As has been shown, the feminist and post-feminist critique and deconstruction of the studio as seminal site of the ‘masculine mystique,’ seems to be only the starting point for artists like McCarthy and Rhoades, but also for Barney, Kippenberger and other contemporary artists that have updated the studio as a frame for the ritual display and formation of the artist’s identity. Their performances, videos and installations deliberately intertwine the artist’s masculinity and the studio, albeit in a double sense.40 Even while the classical studio of the artist is turned into either a fitness studio, a garage, a place for private perversity, or a psychological straightjacket, none of the works abstains from ambivalently celebrating creativity. In either the uncanny and deliberately juvenile humor of Kippenberger, Rhoades and McCarthy, or the pathetic celebration of Barney, creation is made equivalent with male power and potency and with a state of being ‘high’ — achieved whether through sports and hypertrophy, or through drugs and pornography. Neither the mythic status of the studio nor its role as a coded framework is discarded. On the contrary, the attempts to undermine, subvert or renounce the myth, tend only to reveal that the annihilation of the studio is itself a counter-myth.

Creation, Recreation, Procreation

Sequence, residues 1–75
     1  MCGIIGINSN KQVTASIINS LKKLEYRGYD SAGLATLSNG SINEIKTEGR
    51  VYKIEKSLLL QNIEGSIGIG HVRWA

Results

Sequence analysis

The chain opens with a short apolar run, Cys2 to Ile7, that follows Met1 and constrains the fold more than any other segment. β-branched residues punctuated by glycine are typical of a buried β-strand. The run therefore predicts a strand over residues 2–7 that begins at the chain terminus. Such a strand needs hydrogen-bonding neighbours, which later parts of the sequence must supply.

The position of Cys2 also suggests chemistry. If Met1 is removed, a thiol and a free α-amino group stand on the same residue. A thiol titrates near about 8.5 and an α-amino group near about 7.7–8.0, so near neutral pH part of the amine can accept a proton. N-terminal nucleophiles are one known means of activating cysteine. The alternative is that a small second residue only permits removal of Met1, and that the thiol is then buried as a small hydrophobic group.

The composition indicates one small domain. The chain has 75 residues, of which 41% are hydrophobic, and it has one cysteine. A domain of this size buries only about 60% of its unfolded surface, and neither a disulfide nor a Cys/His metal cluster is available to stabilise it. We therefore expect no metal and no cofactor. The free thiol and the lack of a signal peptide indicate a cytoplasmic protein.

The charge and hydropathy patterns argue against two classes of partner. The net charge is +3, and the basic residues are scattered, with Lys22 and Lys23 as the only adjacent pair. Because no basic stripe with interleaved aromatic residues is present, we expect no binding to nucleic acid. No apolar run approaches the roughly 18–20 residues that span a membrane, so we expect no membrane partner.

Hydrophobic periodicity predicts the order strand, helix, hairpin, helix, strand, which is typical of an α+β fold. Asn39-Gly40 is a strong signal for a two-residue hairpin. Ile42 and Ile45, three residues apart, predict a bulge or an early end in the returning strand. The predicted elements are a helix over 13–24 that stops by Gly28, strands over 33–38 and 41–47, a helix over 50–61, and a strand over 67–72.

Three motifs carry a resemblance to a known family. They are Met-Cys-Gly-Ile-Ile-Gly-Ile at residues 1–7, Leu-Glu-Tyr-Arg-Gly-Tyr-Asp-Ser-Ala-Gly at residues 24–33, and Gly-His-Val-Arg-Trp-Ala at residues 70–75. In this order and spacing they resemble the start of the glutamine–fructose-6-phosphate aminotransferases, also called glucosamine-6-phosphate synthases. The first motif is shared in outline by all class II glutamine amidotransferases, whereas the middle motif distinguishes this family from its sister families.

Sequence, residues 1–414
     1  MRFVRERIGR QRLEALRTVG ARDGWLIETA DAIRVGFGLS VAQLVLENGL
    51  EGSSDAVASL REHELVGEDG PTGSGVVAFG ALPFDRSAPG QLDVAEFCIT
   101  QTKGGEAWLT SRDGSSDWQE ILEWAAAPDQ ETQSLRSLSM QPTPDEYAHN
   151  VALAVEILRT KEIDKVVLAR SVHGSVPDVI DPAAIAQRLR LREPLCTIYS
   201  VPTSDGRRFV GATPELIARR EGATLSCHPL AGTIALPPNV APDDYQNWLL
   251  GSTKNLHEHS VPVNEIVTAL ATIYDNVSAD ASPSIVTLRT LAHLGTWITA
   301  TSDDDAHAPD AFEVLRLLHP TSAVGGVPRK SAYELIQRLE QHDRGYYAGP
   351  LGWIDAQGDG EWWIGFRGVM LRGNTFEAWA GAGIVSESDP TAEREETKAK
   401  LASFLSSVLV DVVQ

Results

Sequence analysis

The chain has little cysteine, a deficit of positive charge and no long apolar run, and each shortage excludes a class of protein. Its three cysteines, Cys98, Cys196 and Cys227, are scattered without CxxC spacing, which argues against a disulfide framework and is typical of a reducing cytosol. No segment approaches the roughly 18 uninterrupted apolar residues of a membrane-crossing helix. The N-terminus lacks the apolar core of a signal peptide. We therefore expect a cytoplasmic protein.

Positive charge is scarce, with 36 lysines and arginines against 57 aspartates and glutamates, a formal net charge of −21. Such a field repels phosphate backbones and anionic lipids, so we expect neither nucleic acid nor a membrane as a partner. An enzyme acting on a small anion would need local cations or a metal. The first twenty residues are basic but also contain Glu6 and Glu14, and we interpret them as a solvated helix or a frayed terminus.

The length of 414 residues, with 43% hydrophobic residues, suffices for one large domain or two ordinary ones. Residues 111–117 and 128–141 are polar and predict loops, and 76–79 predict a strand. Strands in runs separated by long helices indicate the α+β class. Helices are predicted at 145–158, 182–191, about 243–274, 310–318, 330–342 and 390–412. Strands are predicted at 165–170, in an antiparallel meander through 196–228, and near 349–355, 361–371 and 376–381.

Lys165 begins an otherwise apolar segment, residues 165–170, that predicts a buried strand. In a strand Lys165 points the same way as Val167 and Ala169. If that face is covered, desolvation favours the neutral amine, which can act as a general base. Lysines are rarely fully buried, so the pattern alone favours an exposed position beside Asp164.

Narcissistic Studio

Narcissistic Studio:

Olafur Eliasson

Philip Ursprung

Due to its sluggish economy and the cheap rents for large studios and old apartments, Berlin has turned into one of the most attractive cities for cultural production since the mid 1990s. While art dealers prefer the prosperity of New York and London and collectors enjoy the luxury of Miami, the art studios are located in Berlin. Olafur Eliasson, born in 1967 and raised in Denmark, is just one of the many artists, architects, designers, filmmakers, students and art historians who were and still are attracted by the openness and vivid atmosphere of the reunited city. After living for two years in Cologne, the former center of the West German art world, and after graduating at the Royal Danish Academy of Fine Arts in 1995, Eliasson decided to locate his studio in Berlin. Due to his growing success and ever larger projects and commissions — most notably during the preparation for The Weather Project at Tate Modern in 2003 — the artist radically changed the structure of his studio. Firstly, he decided no longer to rely on contractors to produce his art but to use his own team. Consequently, he moved to a larger space in 2002, where he has been employing between 15 to 50 collaborators.1 In August 2008 he moved yet another time to an even larger space, an old brewery building in the very core of the Berlin Prenzlauer Berg. Eliasson himself commutes between Berlin and Copenhagen, where he lives with his family. Near his home he has a small, private workspace — a kind of studiolo — where he can be completely by himself and devote time to “drawing and reading,” supported by one or two assistants.2